2 Ohio state senators introduce bill that would 'immediately' end some coronavirus shutdowns

File photo - Ohio Statehouse (WBNS-10TV / Drone 10)
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COLUMBUS, Ohio (WKYC/WBNS) — Two Ohio state senators are set to introduce a bill that would immediately end some of the state's restrictive coronavirus measures, as Republicans in the general assembly grow increasingly vocal in their opposition to directives put in place by Gov. Mike DeWine and Department of Health Director Dr. Amy Acton.

According to a press release from the sponsoring senators, Senate Bill 311 "rescinds any existing order closing state businesses and directing Ohioans to stay at home directly upon passage. Additionally, the bill enables local school districts, in consultation with local health experts, to determine whether or not in-person graduations can be safely conducted on a case-by-case manner that is tailored to the individual circumstances of each district, rather than on a one-size-fits-all statewide basis."

Like Senate Bill 1 (which passed the House of Representatives last week), it would also restrict Acton's powers by requiring any of her new orders to be voted on by a panel of legislators after 14 days; unlike SB 1, however, it would go into effect upon passage, rather than after the 90 days.

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Sen. Kristina Roegner (R-Hudson) is co-sponsoring SB 311 with Sen. Rob McColley (R-Napoleon). She released the following statement on the proposal:

"This has gone on long enough. Ohioans came together to flatten the curve of this pandemic and we did it successfully. Now we need to open our state before the damage is irreparable. I believe that Ohioans, if given the freedom, will rise to the occasion and take the necessary steps to keep their families, employees and customers safe, while conducting the commerce that is so critical to our economy."

Nearly all medical experts (including White House advisor Dr. Anthony Fauci) have said an immediate reopening of communities could lead to a surge of the disease and have grave consequences for citizens, a direct contradiction of Roegner's claims. DeWine (also a member of the GOP) agrees and has vowed to veto any bill that curbs Acton's authority during the pandemic.

Polls have shown 85% of Ohioans approve of DeWine's job performance during the COVID-19 crisis, and an even greater number (90%) support the current social distancing orders. But that hasn't stopped Republicans in Columbus from attempting to either roll back or eliminate the measures, pointing to staggering unemployment numbers and claiming the restrictions are an abuse of power.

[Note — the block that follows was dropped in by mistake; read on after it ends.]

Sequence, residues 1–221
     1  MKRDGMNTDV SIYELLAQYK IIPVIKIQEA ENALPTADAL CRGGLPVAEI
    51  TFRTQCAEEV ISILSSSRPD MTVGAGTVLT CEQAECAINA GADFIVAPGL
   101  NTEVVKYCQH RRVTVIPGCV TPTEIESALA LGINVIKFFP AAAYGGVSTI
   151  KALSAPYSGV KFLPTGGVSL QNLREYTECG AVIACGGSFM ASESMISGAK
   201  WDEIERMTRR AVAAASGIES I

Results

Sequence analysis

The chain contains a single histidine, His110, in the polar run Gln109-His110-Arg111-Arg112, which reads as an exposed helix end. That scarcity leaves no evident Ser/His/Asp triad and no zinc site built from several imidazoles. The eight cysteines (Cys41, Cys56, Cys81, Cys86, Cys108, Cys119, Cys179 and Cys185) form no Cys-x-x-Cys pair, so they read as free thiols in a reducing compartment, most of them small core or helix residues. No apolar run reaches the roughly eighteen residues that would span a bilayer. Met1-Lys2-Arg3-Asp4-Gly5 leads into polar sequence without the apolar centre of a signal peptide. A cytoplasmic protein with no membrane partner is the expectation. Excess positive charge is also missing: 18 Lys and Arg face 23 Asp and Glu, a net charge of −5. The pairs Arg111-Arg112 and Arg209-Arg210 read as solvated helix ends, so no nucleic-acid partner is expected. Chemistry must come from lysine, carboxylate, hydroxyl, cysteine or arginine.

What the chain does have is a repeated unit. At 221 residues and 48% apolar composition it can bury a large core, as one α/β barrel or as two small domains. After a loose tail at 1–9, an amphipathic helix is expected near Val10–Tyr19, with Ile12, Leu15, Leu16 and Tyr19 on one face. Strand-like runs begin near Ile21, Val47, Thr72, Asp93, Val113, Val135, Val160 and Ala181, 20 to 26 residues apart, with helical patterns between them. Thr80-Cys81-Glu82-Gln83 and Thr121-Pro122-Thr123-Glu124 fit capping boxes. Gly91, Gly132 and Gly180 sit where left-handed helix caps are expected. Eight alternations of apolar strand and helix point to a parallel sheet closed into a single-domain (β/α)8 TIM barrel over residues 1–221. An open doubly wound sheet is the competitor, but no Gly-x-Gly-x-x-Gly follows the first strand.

Much of the vitriol has been directed at Acton, despite DeWine attempting to shield her from criticism by reminding detractors that he appointed her and has the final decision. The loudest voices contend someone who is "unelected" should not have so much authority even in a time of turmoil, and some (particularly Sen. Andrew Brenner and Rep. Nino Vitale) have compared the Jewish Acton to a Nazi leader.

SB 1 passed the House by a vote of 58-37, just short of the 60 votes needed to override a DeWine veto. The amended version now heads back to the Senate, which has a 24-9 GOP majority.

It is unknown if SB 311 would fare better or worse in the General Assembly, but not all Republicans are on board: Sen. Matt Dolan, of Chagrin Falls, has publicly stated he will vote against the less-restrictive SB 1, and accused his colleagues of trying to score "political points" during these difficult times.

Coronavirus: What you need to know

There are now 31,625 confirmed cases of COVID-19 in Ohio; 1,888 people have died from the virus and 5,773 were hospitalized, according to the Ohio Department of Health. Breakdown of Ohio cases by county >>

For most people, the virus causes mild or moderate symptoms that clear up in a couple of weeks. Older adults and people with existing health problems are at higher risk of more severe illness, including pneumonia, or death.

10TV is committed to bringing you a FACTS NOT FEAR approach to our coronavirus reporting. You can count on 10TV to give you the latest developments and the impacts on you and your family. For complete coverage, visit: 10TV.com/coronavirus.

Editor's note: This story has been updated with a clarification about what the bill would rescind. The bill would not have a measure prohibiting mass gatherings as previously reported in this story.

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